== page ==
The power of the market could be the reason that 50 or 60 people can comfortably sit, sleep, dine, work and enjoy some entertainment in a very small space.
Airlines know that they can charge global business travelers as much as $6000 for a business class seat and maybe more. Compare that to a $700 coach seat on the same plane and you get a lot of incentive to attract the corporate flier.
For Lufthansa, that has meant spending more than $1 billion on creating, manufacturing and installing the perfect business class seat. As a bed, it will be 78 inches long while as a seat it will have a rotating table and a foot ottoman. Using a “V” configuration, Lufthansa can install 92 business class seats. With its “yin-yang” layout where passengers look forward or backward, British Airways fits 70 seats and Cathay Pacific’s “reverse herringbone” (below) results in 53 seats.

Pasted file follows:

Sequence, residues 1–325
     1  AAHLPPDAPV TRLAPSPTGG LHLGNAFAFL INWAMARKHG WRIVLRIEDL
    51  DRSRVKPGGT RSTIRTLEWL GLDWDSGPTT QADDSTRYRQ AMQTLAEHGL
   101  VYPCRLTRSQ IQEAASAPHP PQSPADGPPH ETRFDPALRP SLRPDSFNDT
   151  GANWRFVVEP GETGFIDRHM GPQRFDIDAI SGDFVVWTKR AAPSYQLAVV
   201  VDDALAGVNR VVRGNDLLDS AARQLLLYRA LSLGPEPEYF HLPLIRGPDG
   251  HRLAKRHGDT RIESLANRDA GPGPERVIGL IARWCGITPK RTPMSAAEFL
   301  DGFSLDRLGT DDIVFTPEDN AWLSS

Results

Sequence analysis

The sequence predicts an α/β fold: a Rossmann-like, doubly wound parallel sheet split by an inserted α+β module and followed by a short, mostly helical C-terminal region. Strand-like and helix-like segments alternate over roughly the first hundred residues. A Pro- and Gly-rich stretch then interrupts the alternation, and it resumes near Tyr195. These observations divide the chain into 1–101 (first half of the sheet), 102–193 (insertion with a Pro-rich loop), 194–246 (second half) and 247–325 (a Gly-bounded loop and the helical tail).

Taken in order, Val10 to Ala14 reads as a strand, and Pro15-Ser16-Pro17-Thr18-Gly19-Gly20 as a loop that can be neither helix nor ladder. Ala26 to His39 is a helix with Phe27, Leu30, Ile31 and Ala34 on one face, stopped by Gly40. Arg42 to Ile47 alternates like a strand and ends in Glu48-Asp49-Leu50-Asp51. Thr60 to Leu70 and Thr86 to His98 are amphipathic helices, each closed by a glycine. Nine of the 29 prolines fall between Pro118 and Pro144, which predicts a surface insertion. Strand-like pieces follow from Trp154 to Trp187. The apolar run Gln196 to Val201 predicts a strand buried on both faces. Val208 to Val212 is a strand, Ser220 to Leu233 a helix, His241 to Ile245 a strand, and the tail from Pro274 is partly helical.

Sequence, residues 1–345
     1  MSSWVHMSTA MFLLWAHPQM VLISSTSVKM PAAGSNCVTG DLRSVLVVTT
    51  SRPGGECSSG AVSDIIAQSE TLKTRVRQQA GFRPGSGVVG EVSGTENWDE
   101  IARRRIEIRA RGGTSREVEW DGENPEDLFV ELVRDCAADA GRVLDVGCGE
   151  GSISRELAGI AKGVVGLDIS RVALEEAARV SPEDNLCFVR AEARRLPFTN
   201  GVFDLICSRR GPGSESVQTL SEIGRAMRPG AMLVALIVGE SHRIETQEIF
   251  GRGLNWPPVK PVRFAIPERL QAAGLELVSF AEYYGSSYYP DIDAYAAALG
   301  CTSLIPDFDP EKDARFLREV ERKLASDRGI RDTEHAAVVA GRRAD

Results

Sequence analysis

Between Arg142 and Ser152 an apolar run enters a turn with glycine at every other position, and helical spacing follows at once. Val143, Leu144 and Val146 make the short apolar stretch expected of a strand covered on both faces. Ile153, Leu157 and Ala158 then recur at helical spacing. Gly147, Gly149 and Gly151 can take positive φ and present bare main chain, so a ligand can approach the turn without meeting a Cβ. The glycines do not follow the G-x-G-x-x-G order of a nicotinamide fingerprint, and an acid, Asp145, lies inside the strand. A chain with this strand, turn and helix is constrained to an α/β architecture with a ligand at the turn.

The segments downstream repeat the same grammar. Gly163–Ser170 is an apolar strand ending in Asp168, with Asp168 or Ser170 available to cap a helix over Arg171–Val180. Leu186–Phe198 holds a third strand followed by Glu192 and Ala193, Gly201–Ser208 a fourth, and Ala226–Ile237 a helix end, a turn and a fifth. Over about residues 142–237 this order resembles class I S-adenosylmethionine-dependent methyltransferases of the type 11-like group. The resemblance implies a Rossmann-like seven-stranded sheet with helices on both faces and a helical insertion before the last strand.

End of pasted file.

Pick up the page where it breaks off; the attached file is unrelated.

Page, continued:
In the United States, the battle for the high paying customer has accelerated. Jet Blue just announced it would create a business class section while American, Delta and United have each announced plans to invest in business class seating for transcontinental and international flights. Meanwhile though, to save on fuel, airlines are compensating for the heavier business class load with slimmer and lighter coach seats.
And that returns us to the power of the market. Low in coach, the market’s price says supply safety, punctuality and a slim, knee cramping seat. Meanwhile, high business and first class fares are investment incentives. And then finally, the power of the market can lead to the profits that generate jobs and shareholder returns from which everyone can benefit.
Sources and resources: Articles here and here describe how airlines are focusing on business and first class while this site has great pictures of the different business class configurations and seats. By contrast, this Businessinsider picture series displays the coach experience.